World Health Organization, 2005. Page 10 (14 in PDF) continues: " . . . The aim is to give as much nutrient rich food as the child will accept. Most children with watery diarrhoea regain their appetite after dehydration is corrected, whereas those with bloody diarrhoea often eat poorly until the illness resolves. These children should be encouraged to resume normal feeding as soon as possible. . . " See also "8. MANAGEMENT OF DIARRHOEA WITH SEVERE MALNUTRITION," pages 22-24 (26-28 in PDF).
  155. ^ a b National Guidelines for the Management of Severely Malnourished Children in Bangladesh, Institute of Public Health Nutrition, Directorate General of Health Services, Ministry of Health and Family Welfare, Government of the People’s Republic of Bangladesh, May 2008. See esp. pages 21-22 (22-23 in PDF) and page 24 (25 in PDF).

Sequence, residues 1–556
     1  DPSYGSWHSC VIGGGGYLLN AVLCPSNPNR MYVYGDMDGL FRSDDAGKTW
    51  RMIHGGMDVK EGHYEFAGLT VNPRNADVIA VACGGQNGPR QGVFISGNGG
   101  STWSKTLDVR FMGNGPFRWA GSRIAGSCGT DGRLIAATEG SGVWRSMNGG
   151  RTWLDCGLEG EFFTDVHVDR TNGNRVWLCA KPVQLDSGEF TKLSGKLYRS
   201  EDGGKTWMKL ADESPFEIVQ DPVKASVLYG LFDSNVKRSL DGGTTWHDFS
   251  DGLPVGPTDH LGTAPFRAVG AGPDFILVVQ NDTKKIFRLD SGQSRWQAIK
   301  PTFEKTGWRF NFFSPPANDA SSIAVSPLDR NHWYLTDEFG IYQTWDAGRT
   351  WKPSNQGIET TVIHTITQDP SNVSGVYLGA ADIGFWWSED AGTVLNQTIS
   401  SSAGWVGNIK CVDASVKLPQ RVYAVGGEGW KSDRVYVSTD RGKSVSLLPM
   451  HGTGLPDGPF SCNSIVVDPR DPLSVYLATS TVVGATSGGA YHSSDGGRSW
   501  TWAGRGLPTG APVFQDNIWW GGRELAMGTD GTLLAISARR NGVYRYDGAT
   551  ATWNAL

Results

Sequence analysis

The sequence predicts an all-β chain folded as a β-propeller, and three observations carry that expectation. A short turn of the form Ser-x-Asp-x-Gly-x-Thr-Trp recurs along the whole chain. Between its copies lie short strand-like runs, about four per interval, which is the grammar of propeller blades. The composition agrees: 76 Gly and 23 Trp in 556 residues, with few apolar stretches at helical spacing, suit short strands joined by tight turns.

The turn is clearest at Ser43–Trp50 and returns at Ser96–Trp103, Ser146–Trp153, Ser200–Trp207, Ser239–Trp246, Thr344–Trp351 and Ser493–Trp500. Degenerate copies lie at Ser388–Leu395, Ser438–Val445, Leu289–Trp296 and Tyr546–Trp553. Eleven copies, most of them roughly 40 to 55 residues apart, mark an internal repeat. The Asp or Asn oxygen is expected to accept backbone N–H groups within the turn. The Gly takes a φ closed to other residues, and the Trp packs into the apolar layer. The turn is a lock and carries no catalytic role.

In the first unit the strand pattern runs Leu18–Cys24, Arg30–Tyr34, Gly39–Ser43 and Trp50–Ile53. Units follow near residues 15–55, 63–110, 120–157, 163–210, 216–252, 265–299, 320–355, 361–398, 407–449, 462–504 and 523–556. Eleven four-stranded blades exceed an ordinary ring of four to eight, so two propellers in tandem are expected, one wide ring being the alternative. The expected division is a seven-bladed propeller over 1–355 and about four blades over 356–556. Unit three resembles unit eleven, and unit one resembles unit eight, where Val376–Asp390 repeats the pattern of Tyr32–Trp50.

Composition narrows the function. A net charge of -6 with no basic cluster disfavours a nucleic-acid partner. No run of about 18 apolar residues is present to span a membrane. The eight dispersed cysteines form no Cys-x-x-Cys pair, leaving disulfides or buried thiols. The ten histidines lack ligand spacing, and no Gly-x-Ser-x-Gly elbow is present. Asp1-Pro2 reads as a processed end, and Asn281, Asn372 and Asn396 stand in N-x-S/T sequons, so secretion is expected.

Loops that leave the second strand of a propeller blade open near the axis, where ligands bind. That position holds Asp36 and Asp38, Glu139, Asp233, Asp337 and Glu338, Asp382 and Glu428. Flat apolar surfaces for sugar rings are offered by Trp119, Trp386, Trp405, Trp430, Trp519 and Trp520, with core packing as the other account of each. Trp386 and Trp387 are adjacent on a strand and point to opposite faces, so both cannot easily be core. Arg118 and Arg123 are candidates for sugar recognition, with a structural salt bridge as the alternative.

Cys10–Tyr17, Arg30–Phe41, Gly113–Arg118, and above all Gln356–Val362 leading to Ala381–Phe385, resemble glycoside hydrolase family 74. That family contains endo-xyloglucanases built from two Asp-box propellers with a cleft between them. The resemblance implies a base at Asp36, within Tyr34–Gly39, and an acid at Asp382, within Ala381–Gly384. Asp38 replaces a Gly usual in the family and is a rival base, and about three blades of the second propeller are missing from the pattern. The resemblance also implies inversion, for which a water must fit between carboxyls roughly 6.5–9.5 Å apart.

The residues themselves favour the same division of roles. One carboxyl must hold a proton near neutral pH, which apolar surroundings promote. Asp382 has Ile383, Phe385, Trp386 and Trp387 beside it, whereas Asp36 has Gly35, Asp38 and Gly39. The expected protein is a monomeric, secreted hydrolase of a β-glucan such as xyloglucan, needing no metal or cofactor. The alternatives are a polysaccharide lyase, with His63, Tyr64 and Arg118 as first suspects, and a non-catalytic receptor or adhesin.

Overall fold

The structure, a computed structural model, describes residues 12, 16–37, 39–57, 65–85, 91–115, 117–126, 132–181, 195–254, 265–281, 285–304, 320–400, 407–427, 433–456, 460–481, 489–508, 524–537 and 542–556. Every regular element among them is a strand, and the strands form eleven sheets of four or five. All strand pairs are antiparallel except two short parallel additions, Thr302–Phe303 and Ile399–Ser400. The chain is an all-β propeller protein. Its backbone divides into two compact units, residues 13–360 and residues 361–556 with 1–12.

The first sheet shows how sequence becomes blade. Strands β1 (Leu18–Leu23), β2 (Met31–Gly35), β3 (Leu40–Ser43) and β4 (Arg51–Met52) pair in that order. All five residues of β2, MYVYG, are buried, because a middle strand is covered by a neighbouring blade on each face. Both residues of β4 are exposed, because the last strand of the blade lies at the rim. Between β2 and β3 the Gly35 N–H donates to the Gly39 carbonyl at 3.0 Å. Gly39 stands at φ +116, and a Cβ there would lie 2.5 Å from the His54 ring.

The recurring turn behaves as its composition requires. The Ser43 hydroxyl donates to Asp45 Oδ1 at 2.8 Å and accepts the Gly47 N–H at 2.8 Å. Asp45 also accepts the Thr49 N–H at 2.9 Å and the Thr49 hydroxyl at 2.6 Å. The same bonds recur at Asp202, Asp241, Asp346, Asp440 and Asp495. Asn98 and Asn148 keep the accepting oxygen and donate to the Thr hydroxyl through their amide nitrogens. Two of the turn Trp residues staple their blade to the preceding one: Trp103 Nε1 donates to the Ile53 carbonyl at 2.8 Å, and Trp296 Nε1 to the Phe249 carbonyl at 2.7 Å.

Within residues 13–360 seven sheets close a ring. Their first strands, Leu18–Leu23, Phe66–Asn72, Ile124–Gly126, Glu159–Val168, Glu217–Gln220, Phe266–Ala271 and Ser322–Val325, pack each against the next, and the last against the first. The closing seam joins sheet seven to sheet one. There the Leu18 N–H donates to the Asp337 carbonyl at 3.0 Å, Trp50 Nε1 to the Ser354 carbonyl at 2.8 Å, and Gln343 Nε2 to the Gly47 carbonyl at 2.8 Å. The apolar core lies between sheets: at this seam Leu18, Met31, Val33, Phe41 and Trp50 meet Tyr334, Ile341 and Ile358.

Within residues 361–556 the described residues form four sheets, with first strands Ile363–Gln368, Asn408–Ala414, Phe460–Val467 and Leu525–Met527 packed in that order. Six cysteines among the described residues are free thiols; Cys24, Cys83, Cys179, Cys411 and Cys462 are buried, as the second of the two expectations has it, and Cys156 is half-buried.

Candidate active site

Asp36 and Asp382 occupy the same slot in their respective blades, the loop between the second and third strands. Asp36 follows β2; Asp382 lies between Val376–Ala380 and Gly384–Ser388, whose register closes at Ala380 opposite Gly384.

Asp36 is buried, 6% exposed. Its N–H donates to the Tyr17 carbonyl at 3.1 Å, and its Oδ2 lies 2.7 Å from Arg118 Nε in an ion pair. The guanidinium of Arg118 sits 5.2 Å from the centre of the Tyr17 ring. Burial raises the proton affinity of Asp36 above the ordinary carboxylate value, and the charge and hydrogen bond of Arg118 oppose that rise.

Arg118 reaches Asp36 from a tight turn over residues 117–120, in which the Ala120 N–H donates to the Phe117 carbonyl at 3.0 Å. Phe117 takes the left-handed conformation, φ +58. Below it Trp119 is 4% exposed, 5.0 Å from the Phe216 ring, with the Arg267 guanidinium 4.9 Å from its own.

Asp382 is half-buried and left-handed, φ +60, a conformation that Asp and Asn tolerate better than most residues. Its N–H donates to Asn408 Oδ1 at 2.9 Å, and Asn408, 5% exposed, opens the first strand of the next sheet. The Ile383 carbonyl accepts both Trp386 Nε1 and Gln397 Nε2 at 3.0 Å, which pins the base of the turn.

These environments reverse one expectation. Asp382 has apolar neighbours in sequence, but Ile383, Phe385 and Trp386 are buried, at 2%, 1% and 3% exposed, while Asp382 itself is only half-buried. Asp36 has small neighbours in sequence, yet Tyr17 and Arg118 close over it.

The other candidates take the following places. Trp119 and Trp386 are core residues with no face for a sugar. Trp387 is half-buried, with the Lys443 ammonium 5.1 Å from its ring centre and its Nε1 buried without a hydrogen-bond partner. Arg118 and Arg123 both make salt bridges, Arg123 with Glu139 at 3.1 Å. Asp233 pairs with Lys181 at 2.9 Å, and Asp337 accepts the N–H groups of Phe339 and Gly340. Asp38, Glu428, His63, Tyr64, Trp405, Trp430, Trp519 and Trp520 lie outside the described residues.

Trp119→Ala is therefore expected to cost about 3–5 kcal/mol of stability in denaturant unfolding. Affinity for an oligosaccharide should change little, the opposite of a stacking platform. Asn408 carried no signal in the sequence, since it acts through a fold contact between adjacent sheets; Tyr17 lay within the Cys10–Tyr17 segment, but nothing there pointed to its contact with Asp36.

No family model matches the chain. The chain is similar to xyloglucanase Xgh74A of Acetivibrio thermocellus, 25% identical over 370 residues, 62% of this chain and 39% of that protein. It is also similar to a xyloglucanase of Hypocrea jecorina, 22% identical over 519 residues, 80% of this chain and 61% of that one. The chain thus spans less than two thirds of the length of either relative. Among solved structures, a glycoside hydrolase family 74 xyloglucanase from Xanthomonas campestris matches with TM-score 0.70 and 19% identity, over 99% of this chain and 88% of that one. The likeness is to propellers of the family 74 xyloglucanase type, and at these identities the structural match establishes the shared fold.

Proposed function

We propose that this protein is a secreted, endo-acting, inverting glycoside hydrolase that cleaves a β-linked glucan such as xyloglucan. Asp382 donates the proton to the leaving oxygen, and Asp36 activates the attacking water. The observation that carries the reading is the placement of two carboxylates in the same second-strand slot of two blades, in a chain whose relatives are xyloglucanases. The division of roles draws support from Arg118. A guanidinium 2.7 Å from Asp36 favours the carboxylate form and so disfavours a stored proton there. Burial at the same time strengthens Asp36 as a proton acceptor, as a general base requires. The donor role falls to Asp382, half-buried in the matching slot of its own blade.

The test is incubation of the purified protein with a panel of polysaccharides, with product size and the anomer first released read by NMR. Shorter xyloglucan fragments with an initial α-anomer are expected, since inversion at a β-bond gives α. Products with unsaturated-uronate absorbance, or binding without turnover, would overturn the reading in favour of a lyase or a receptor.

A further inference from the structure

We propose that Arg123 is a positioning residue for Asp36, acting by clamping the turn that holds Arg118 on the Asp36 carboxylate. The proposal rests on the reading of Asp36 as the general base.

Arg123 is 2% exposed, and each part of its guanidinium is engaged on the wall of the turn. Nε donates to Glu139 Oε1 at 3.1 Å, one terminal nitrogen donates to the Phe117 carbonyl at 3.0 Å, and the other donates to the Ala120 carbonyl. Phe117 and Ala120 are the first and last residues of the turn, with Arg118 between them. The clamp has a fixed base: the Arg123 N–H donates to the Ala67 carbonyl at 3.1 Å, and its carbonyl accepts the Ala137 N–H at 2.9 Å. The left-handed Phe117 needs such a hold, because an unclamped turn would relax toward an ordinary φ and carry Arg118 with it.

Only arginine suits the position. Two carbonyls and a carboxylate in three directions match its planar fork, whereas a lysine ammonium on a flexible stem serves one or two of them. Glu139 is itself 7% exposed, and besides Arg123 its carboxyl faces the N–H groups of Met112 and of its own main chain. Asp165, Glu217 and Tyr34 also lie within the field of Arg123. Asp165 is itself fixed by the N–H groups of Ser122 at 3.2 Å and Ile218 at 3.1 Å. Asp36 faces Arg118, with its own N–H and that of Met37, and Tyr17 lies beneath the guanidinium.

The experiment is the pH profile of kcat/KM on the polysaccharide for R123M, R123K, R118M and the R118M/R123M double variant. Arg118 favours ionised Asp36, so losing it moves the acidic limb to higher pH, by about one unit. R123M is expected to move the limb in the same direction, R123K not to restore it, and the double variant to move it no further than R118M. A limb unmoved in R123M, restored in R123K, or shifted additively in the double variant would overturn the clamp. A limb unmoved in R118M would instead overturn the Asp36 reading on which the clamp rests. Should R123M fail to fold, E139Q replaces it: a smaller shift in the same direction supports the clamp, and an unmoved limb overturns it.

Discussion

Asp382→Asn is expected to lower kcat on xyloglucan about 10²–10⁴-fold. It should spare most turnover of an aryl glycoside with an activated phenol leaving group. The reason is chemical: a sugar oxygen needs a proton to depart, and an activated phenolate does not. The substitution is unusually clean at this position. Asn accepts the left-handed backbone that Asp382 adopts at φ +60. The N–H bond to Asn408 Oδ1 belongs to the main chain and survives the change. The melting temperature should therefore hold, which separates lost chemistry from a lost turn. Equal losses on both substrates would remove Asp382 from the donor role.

156. ^ Community Health Worker Training Materials for Cholera Prevention and Control, CDC, slides at back are dated 11/17/2010. Page 7 states " . . . Continue to breastfeed your baby if the baby has watery diarrhea, even when traveling to get treatment. Adults and older children should continue to eat frequently."
  157. ^,9171,1914655,00.html Can one pill tame the illness no one wants to talk about?
  158. ^ A model of African food aid is now in trouble


  1. ^ Sen is known for his assertion that famines do not occur in democracies in much the same way that Adam Smith is associated with the "invisible hand" and Joseph Schumpeter with "creative destruction".[98]
  2. ^ Initial reports erroneously gave the year 2035 rather than the correct 2350.


See also

Famine personified as an allegory is found in some cultures, e.g. one of the Four Horsemen of the Apocalypse in Christian tradition, the fear gorta of Irish folklore, or the Wendigo of Algonquian tradition.

Society and culture